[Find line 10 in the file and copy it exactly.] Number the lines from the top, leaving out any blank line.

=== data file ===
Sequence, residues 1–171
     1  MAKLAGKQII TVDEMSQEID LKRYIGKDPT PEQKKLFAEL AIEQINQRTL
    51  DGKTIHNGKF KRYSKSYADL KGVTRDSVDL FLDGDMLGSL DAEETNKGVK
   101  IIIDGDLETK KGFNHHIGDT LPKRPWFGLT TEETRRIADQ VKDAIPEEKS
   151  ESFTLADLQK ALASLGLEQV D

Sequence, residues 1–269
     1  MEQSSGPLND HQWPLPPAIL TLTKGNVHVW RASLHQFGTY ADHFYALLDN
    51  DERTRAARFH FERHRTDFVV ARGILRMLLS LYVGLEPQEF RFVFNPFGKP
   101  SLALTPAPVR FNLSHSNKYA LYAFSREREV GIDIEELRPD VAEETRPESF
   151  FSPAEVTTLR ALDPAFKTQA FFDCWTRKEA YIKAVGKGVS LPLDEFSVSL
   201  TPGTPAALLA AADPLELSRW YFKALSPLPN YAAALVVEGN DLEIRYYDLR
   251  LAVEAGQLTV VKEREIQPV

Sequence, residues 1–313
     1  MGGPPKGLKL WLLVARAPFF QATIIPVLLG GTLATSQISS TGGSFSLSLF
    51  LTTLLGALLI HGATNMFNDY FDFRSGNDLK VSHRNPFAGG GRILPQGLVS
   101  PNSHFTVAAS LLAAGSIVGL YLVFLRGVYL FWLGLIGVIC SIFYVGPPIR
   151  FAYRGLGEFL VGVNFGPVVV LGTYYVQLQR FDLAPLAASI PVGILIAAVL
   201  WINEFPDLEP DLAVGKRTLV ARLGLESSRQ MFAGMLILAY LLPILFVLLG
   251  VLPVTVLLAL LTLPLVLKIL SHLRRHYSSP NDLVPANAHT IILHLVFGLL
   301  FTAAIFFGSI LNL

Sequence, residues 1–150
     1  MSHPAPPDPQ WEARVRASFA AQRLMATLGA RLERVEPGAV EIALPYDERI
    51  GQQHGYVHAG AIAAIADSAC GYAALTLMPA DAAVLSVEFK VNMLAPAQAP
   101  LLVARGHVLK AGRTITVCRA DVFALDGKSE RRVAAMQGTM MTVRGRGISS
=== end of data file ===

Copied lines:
   151  FSPAEVTTLR ALDPAFKTQA FFDCWTRKEA YIKAVGKGVS LPLDEFSVSL